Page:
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Bruce Fontaine was once a Gweilo actor, that is to say one of those Caucasian performers who were hired in Hong Kong’s action cinema heyday to play – often villainous – supporting parts. A high-level practitioner of Wushu, he appeared in some of the most famous films of that time: Operation CondorOnce Upon A Time In ChinaShe Shoots Straight… But when the well of classic Hong Kong action dried up, his career endured, as he took the knowledge acquired from working with the likes of Jackie Chan, Corey Yuen or the Sammo Hung stunt team, and applied it to a career in Canadian stuntwork, quickly rising through the ranks to become a stunt coordinator, including for American Video Game developer Electronic Arts. And yet his main ambition remained unfulfilled: to direct a feature film. In 2015, he kickstarted the third phase of his film career by completing and premiering Beyond Redemption, an action thriller infused with the soul of Hong Kong action cinema.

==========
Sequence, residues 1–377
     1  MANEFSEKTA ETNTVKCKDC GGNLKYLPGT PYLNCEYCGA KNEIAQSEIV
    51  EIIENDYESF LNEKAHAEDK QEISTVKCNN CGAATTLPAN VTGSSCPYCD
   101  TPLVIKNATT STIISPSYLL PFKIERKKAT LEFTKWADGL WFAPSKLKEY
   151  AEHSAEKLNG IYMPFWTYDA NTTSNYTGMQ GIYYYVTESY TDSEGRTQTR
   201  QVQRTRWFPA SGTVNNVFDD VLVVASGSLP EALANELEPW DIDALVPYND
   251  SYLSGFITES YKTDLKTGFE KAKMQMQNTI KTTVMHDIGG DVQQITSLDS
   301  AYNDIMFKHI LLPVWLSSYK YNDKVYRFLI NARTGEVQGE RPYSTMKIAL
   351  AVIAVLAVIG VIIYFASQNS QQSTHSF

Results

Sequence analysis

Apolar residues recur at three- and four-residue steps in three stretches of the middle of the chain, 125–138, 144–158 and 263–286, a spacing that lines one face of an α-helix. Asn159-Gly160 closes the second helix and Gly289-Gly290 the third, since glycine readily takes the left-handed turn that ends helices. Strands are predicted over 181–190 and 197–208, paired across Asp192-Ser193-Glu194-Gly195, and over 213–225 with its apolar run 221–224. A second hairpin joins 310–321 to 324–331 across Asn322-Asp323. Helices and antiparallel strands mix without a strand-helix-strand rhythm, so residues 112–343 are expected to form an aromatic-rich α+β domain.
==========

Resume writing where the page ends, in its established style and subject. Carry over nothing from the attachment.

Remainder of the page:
From martial artist and Hong Kong film fan to Hong Kong film fighter, from stuntman to director, his is a story of wish-fulfillment through hard work and passion. Now in the preparatory stages for his second feature film, Bruce Fontaine was kind enough to answer my questions.

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KUNG FU FIGHTER (2007) short review